East Midtown Waterfront Project Moves Forward
June 12th, 2012, 5:58 pm
For years, MAS has been advocating for the development of a vibrant and active waterfront that attracts both local residents and visitors to one of New York City’s greatest and most abundant resources. Recently, our efforts have focused on the East Midtown Waterfront, a stretch along the East River that spans from 38th Street to 60th Street. The transformation of this portion of the waterfront into a publicly accessible open space will close a significant gap in the Manhattan Waterfront Greenway.
In May 2012, the City organized a community working group, which MAS has the honor of sitting on. The goal of the meeting was to begin to think about the design approaches that would most benefit the community. The group discussed their ideas for the types of uses that can be included in the new open space, and also identified potential points of access.
The City and AECOM will take the information gathered at the first meeting of the community working group, and form initial design concepts. Subsequent meetings will be held to further flesh out the future design of what is expected to be a thriving new open space for the residents of East Midtown and New York City as a whole.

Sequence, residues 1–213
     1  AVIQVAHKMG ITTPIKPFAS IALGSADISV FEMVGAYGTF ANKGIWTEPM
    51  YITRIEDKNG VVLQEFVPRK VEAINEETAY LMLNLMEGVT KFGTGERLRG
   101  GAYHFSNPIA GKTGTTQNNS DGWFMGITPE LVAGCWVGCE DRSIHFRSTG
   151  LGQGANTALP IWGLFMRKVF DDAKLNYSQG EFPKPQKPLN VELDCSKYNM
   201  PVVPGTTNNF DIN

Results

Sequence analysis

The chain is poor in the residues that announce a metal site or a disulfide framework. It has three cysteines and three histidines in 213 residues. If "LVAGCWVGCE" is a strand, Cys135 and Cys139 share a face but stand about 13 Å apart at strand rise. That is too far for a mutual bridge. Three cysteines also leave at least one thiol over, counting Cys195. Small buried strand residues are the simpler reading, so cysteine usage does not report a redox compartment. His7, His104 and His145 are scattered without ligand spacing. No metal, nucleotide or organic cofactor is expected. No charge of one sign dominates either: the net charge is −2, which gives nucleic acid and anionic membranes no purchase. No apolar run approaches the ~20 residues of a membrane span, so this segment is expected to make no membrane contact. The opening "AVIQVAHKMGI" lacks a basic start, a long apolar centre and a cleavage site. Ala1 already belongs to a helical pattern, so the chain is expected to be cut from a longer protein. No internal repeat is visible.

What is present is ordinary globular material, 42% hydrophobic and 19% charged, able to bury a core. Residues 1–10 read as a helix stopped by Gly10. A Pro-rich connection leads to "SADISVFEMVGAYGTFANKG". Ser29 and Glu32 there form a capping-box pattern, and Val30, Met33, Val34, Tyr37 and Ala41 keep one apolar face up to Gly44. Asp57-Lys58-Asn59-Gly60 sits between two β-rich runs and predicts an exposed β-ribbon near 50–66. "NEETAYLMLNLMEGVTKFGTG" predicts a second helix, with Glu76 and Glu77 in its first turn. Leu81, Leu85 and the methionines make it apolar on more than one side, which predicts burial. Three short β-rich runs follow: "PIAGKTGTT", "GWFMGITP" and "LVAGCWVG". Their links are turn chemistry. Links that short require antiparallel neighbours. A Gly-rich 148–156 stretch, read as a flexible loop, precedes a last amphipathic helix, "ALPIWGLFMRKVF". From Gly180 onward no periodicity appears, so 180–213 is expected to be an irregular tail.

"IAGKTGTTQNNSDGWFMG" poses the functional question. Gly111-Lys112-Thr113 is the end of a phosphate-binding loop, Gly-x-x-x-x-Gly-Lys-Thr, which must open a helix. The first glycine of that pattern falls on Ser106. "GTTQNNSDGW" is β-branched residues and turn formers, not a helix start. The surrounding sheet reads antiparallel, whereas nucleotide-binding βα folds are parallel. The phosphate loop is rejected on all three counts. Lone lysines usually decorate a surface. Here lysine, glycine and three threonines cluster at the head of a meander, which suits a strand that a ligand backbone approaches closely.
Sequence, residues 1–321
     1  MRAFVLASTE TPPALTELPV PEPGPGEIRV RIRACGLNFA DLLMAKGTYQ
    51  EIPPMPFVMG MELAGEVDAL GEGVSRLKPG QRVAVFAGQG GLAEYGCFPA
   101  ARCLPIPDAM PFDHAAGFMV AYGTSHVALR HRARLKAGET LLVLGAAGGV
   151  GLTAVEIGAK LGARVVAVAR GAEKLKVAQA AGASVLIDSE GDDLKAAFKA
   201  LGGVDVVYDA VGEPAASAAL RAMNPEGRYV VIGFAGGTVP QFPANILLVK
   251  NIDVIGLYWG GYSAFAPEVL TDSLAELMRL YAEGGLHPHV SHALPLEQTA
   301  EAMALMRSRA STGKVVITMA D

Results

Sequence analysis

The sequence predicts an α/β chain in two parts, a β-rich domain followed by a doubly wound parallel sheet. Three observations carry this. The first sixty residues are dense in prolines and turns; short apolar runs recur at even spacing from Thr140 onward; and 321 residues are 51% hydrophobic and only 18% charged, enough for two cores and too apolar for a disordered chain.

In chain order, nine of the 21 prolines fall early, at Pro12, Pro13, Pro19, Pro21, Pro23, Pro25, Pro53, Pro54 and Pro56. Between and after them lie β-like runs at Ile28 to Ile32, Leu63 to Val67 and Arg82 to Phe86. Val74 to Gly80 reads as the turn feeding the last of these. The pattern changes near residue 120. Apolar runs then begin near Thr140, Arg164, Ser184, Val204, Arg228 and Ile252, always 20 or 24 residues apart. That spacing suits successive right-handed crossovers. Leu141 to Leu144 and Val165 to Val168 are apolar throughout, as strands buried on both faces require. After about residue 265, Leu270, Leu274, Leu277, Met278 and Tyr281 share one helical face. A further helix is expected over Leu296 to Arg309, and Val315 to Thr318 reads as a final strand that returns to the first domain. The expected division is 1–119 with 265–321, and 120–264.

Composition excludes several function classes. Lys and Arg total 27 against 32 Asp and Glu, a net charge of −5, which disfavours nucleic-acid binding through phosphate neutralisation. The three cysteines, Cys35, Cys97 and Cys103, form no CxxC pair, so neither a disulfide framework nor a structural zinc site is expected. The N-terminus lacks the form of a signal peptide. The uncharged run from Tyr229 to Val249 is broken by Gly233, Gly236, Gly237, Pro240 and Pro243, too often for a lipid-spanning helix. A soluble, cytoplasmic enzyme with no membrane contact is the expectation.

With the signing of a Memorandum of Understanding (MOU) in October 2011, which provides a framework for the United Nations to expand its campus located in East Midtown, a funding mechanism for the East Midtown Waterfront Project began to take shape, and the East Midtown Waterfront project was able to move forward. For more information on the MOU and the United Nation’s proposed plans, visit East Side Open Space.
MAS is pleased to see this project coming to fruition. In July 2011, MAS, along with Manhattan Community Board Six, held a charrette for the former Con Ed Pier, a section of the East Midtown Waterfront located between East 38th and East 41st streets. The charrette was attended by representatives from NYC Parks & EDC, Community Board Six, the United Nations Development Corporation, NYU, in addition to residents of the surrounding neighborhood. You can read The New York Times event recap here.
MAS synthesized the discussions from the day-long charrette into a report, New York’s Next Great Waterfront Park. Working with noted architect, Barbara Wilks, and her firm, W Architecture & Landscape Architecture, MAS outlined seven principles for the transformation of the former Con Ed Pier into a new waterfront park. The report was shared with NYC EDC and AECOM, who will use it to inform the future design of this new open space. To read the full report, click here.
You can read more on the East Midtown Waterfront project here.